Joe LaRose (United States) on How Olympic Values Foster Respectful International Competition and Dialogue

June 27, 2012

It would seem that in a competition comprised of over 200 countries fielding dozens of athletes in a multitude of different sports, that the losers would outnumber the winners. After all, only three take the podium. They rest should be disgraced and forlorn, at the very least subdued. But they are not. Why is it that Olympians wear smiles even without medals? Representing one’s people in front of the world certainly helps, but this widespread geniality and companionship stems more from the Olympics’ rare ability to create an atmosphere laden with respect. The Olympic values of respect, friendship, and solidarity are omnipresent, from spectators’ support of the common pursuit of excellence instead of solely favoring their compatriots, to the athletes themselves, who cannot help but find common ground with fellow participants from around the world.
For a couple of weeks the Olympics free us from reality. There is always a winner, the rules are clearly defined, and customs rarely change. But with a careful dose of optimism, the Olympic Games and their associated values can be applied to the real world to solve real problems. Sports are a wonderful way to foster understanding between cultures, that much is obvious, but there exist few opportunities for youth to experience international competitions. Youth do not just represent our future, they are the future. Fortunately, young people’s worldviews are pliable; there is no better time to broaden understanding and engender respect for other cultures than during people’s early years.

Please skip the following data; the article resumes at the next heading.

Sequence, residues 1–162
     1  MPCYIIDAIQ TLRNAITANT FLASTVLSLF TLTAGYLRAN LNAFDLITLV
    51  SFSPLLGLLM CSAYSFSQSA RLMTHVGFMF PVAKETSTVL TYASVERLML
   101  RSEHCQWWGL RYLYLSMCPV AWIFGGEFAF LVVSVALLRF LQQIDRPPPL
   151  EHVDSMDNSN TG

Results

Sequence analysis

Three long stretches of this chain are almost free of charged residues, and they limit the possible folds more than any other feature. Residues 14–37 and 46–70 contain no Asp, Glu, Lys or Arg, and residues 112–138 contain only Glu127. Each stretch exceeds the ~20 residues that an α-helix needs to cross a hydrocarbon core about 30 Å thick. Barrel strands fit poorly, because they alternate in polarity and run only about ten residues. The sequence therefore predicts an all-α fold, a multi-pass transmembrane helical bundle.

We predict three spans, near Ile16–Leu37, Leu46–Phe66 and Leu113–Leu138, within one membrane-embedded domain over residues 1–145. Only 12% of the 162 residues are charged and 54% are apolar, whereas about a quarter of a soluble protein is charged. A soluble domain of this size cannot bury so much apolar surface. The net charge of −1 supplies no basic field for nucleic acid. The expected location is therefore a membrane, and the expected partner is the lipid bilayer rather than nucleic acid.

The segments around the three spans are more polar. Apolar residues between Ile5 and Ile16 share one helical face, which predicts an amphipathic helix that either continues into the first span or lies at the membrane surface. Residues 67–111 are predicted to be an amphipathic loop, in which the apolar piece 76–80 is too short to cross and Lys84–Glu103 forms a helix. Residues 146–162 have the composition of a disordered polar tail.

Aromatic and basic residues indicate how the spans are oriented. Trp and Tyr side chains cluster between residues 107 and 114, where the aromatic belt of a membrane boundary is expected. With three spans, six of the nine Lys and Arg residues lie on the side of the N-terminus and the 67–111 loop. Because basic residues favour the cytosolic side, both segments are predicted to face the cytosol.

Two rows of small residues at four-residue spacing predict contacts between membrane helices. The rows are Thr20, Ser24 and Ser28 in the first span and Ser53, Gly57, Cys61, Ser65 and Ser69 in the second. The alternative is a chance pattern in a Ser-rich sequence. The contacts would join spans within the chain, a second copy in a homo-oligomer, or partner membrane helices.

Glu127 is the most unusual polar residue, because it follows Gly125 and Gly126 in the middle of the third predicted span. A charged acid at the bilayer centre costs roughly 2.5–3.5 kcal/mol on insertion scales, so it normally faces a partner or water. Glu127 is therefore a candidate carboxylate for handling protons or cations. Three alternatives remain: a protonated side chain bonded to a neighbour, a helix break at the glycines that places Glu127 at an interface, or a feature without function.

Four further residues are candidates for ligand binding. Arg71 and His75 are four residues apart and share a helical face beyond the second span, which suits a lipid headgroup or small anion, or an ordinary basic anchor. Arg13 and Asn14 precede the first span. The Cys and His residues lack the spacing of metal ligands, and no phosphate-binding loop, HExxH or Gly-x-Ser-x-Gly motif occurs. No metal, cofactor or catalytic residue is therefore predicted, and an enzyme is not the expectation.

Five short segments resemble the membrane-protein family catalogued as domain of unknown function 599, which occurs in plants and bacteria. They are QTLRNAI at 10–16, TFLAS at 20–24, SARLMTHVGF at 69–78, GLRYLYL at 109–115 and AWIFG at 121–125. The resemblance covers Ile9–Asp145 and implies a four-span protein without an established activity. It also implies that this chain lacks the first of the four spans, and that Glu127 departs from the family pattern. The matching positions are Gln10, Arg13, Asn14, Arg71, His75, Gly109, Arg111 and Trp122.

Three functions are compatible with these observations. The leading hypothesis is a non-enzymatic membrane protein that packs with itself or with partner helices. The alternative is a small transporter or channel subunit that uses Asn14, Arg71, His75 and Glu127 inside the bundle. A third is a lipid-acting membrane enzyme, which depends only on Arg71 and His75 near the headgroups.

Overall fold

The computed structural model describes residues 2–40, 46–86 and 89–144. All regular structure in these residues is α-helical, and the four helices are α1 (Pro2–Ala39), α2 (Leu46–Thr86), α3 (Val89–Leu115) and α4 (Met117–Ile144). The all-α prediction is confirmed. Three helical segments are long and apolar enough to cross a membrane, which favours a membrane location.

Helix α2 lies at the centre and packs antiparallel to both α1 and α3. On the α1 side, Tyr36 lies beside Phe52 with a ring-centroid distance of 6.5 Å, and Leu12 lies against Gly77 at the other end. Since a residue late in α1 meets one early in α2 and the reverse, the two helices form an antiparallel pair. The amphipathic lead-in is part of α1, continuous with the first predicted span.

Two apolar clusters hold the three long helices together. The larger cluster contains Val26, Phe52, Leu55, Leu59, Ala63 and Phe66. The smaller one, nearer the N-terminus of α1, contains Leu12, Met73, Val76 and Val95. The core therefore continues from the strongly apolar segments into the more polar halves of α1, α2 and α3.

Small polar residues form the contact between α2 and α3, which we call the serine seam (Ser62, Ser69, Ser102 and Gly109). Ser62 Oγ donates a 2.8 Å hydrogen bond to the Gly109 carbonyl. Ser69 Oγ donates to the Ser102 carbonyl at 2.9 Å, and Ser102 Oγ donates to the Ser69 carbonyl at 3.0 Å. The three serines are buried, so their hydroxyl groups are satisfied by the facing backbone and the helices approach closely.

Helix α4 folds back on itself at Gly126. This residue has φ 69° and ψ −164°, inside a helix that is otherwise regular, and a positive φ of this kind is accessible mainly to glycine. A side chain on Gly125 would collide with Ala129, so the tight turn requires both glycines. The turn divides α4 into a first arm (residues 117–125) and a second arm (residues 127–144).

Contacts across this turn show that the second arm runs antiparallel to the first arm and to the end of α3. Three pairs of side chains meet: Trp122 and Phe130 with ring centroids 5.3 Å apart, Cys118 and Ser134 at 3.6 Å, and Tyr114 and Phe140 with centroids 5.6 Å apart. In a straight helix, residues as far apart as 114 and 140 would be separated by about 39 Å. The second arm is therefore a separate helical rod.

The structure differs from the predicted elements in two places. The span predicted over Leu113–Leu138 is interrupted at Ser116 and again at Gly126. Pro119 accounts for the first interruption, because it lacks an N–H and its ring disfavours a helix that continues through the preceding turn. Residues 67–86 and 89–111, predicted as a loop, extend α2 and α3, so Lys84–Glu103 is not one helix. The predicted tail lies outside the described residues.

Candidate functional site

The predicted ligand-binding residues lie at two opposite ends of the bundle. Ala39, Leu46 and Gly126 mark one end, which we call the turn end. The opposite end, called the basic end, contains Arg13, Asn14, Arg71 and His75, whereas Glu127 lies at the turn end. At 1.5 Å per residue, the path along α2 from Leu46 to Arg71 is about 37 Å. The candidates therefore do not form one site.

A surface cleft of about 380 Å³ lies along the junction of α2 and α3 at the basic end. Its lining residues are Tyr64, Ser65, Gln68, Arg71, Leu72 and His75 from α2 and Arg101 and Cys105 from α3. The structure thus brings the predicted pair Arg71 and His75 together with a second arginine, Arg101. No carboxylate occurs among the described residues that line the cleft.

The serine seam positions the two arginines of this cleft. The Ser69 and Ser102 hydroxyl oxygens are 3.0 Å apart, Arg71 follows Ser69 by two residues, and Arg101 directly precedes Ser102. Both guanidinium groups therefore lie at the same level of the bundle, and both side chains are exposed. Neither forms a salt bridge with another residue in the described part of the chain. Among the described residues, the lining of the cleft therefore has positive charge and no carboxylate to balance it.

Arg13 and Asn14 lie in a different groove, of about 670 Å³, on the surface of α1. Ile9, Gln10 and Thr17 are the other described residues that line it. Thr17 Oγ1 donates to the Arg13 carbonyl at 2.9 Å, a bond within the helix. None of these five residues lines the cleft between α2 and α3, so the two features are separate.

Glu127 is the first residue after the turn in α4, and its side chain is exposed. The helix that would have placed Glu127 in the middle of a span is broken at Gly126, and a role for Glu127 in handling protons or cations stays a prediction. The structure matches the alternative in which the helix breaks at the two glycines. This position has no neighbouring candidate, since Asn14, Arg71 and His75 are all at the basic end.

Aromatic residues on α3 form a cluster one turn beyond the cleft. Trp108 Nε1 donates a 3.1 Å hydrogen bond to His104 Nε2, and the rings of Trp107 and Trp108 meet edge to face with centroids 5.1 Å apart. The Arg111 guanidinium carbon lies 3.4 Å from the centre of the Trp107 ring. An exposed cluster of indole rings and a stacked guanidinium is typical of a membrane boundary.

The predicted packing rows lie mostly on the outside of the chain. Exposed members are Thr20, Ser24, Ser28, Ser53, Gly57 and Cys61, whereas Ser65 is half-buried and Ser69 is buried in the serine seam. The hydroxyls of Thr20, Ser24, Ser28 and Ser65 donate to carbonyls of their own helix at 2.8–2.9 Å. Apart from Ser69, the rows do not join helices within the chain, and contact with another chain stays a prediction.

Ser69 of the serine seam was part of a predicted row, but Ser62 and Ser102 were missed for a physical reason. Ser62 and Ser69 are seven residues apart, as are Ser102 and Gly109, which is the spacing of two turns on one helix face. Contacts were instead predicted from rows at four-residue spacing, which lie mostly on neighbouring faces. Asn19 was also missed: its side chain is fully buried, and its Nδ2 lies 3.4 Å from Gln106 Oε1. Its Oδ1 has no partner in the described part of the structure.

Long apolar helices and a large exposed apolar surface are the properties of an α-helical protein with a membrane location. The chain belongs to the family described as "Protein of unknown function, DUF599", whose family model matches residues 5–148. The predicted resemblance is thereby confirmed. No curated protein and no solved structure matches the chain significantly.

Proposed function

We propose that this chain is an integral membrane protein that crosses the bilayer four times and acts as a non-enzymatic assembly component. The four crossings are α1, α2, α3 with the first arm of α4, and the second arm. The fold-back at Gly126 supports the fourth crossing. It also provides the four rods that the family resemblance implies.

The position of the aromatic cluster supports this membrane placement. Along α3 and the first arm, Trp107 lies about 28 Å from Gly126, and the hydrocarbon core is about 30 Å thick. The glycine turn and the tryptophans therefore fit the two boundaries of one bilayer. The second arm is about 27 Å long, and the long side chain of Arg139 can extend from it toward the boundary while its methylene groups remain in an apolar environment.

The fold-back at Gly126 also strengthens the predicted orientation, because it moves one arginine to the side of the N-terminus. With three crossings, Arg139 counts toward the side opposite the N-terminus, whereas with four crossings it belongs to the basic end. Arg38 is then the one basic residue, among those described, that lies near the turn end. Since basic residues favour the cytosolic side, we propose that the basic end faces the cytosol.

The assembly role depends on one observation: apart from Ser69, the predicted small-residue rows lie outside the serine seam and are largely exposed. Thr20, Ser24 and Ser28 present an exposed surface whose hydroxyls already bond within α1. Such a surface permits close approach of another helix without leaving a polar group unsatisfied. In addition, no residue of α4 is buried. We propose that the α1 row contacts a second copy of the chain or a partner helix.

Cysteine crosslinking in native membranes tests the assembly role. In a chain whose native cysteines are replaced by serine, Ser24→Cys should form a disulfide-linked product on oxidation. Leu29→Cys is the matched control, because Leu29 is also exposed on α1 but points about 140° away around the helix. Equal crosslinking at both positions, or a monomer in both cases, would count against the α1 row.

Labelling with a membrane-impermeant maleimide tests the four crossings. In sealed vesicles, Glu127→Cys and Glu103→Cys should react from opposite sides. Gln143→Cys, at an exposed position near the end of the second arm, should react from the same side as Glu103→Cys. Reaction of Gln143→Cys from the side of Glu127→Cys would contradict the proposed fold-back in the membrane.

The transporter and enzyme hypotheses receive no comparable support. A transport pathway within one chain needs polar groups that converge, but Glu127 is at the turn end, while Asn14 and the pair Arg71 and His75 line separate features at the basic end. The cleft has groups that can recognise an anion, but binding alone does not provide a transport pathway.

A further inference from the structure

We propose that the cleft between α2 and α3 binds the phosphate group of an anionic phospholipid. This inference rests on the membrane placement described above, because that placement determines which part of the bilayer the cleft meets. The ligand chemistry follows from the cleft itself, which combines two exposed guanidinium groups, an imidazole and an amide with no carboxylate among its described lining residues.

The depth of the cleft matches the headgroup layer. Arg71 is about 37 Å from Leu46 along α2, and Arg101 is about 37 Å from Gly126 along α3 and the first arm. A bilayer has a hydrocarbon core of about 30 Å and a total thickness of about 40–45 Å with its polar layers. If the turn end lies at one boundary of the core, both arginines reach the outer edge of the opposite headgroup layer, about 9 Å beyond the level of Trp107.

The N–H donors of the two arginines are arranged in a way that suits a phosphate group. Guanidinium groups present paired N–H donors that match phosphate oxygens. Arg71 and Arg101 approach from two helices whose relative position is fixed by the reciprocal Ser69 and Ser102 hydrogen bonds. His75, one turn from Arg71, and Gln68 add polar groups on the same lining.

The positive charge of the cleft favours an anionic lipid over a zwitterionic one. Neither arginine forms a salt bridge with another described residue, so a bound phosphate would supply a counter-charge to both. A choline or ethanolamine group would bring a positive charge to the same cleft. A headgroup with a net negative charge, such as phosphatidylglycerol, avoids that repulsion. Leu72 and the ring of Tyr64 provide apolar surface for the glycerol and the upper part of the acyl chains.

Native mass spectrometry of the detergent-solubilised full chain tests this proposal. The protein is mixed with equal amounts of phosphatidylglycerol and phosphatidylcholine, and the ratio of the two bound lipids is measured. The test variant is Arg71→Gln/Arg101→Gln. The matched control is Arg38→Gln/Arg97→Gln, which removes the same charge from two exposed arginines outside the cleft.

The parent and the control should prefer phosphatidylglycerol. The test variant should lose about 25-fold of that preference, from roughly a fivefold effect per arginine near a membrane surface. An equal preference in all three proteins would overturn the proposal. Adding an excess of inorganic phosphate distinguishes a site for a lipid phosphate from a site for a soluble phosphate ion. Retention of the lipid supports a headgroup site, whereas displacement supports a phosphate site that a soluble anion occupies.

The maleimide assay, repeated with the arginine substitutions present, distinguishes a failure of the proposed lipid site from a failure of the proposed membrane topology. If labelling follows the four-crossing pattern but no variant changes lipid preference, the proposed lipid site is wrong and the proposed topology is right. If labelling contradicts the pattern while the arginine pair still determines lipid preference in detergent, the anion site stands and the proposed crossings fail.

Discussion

The International Olympic Committee must supply the world’s youth with more opportunities for cultural communication. The Youth Olympic Games are a triumph for international sport and dialogue. However, as influential as a few weeks of international games can be for young people across the globe, extended stays compound the effects of cross-cultural communication and can elevate the experience from powerful to transformative. Far-fetched this scheme may be, but an exchange program in which students from around the globe come and live in the host city for 6 months to a year prior to the opening of the YOG would greatly benefit the youth involved as well as the Games themselves. The advantages of this initiative range from significant learning opportunities for visiting and hosting youth alike to gaining understanding between cultures. Those able to spend extended periods of time in other countries amongst people culturally different from themselves are able to impart their own unique culture and humanity upon their hosts. The students will return to their homes with extensive knowledge of their culture and, because of the longer duration of stay, the motivation to spread their newly acquired understanding. These students need not be future Olympians; they need simply to possess an open mind, a penchant for cultural learning, and a love of sports. If the Olympic Games are to be more than a brief glimpse of humanity’s cooperative potential and Olympic values more than idealized hopes, the world’s youth must be given the opportunities participate and eventually lead the pursuit of cultural understanding.
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